III. Findings of Fact

Having summarized the general background, the Court now proceeds to its more detailed factual findings:

1. Pursuant to Ordinance No. 4, 1961, the Council of the City of St. Bernard promised its present active employees at the time of their retirement, hospital and medical insurance coverage similar to that presently furnished by the City to members in active service, provided that the employee completed five years of continuous active service immediately preceding retirement and was eligible for retirement benefits under either PERS or Police and Fire Pension Fund. (Plaintiffs' Exhibit A).

2. The Retirees have offered evidence that then current employees of the City received the benefit upon retirement.

3. The City has proffered no evidence that pre-1961 retirees received a benefit they had not earned.

4. The practice of the City has been to provide this benefit of no cost health insurance upon retirement to all City employees. Mr. Walter St. Clair, Auditor for the City, has acknowledged that the City has had a history of providing no-cost health insurance to its retirees.

5. This past practice is evidence of the City's original intent to provide this benefit prospectively to its current employees.

6. Plaintiff Frank Mayborg, a retired patrolman from the City's Police Department, described the wage and hour negotiations with the City prior to public employee bargaining. Members of the Wage Committee of the Fraternal Order of Police, composed of two patrolmen and one supervisor, would negotiate with the Finance Committee of City Council. Once agreement was reached between the two committees, the Wage Committee would present the proposed contract to the rank and file members of the Fraternal Order of Police. Following an approval vote of the membership, the Wage Committee would report agreement to the Finance Committee. The Finance Committee would then report the agreement to the full Council. The Council would then memorialize that agreement in an ordinance.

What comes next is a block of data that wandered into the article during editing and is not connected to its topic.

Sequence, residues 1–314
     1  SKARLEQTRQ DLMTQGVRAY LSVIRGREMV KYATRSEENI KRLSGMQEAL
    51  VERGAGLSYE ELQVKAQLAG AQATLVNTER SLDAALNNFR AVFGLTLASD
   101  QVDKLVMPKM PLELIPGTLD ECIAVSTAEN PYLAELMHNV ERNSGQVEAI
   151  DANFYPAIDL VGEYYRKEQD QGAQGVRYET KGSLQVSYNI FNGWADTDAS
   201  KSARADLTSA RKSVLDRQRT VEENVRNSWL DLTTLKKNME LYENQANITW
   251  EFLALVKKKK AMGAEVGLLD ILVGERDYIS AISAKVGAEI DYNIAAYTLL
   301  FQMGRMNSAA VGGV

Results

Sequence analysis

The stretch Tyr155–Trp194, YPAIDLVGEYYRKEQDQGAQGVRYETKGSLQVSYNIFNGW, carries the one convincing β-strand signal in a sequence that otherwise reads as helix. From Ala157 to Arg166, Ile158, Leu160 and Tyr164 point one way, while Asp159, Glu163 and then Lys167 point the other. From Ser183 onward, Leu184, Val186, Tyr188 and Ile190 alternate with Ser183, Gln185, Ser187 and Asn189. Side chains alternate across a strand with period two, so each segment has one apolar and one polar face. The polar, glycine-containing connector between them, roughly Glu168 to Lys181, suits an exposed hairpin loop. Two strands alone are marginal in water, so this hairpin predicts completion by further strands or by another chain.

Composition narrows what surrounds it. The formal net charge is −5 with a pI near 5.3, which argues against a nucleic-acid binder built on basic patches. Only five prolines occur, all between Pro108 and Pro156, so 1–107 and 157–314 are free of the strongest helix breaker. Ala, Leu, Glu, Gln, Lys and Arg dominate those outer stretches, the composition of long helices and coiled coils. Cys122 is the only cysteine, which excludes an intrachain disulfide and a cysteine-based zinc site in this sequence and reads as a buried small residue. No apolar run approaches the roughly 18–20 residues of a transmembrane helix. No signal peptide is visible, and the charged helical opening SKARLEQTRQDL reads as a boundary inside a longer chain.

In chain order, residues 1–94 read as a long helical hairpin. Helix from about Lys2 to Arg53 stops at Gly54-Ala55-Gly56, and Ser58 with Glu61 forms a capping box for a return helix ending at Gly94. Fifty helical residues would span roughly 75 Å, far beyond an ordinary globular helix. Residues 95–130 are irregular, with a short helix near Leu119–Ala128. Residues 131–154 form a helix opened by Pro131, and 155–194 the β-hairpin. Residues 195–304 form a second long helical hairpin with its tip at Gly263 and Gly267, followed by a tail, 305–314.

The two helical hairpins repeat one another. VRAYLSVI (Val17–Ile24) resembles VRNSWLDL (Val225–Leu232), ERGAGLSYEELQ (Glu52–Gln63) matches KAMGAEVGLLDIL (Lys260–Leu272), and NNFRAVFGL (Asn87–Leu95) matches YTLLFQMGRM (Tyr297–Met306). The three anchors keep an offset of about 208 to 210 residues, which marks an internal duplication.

7. Mr. Mayborg testified that during the almost twenty-two years he served on the Wage Committee, he regularly raised retirement benefits in wage negotiations with the councilmembers on the Finance Committee. He testified that councilmembers on the Finance Committee repeatedly assured him that the City would continue to provide no-cost health insurance to retirees, because the City "takes care of its own".

8. The City has a history of substituting the means of delivering the same benefit to its employees and retirees. See, e.g., Ordinance No. 4, 1961.

9. Pursuant to Ordinance No. 46, 1984, the Council of the City of St. Bernard substituted medical insurance coverage to its retirees where there was coverage provided by the Police and Fire Pension Fund and/or PERS. The Council stated in the preamble of the Ordinance that the Police and Fire Pension Fund and PERS were providing the same medical coverage at no cost as was being provided by the City. (Plaintiffs' Exhibit G).

10. In exchange for the substitution of the hospital and medical insurance provided through the statewide pension systems, the City passed two ordinances intended to offset the added costs to retirees to assure the delivery of the no-cost health insurance retirement benefit.

11. Pursuant to Ordinance No. 24, 1985, the Council of the City of St. Bernard established a fund for the purpose of reimbursing qualified City retirees and their dependents for the health care costs they incurred which were not paid by the health insurance provided by either the Police and Fire-fighter's Pension Fund and/or PERS. Pursuant to Ordinance No. 24, 1985, the Council of the City of St. Bernard directed the Mayor to establish a C-9 Trust. (Plaintiffs' Exhibit I).

12. The C-9 Trust was not a new benefit for retirees of the City, but rather continued the no-cost hospital and medical insurance benefit retirees had been receiving from the City. In addition, the C-9 Trust, by its express definition of "employee," was intended for current retirees as well as current employees upon their meeting the eligibility criteria and retiring from City employment.

13. Mr. St. Clair testified that the C-9 Trust Fund was intended to substitute one type of benefit for another type of benefit retirees had been receiving. The City ...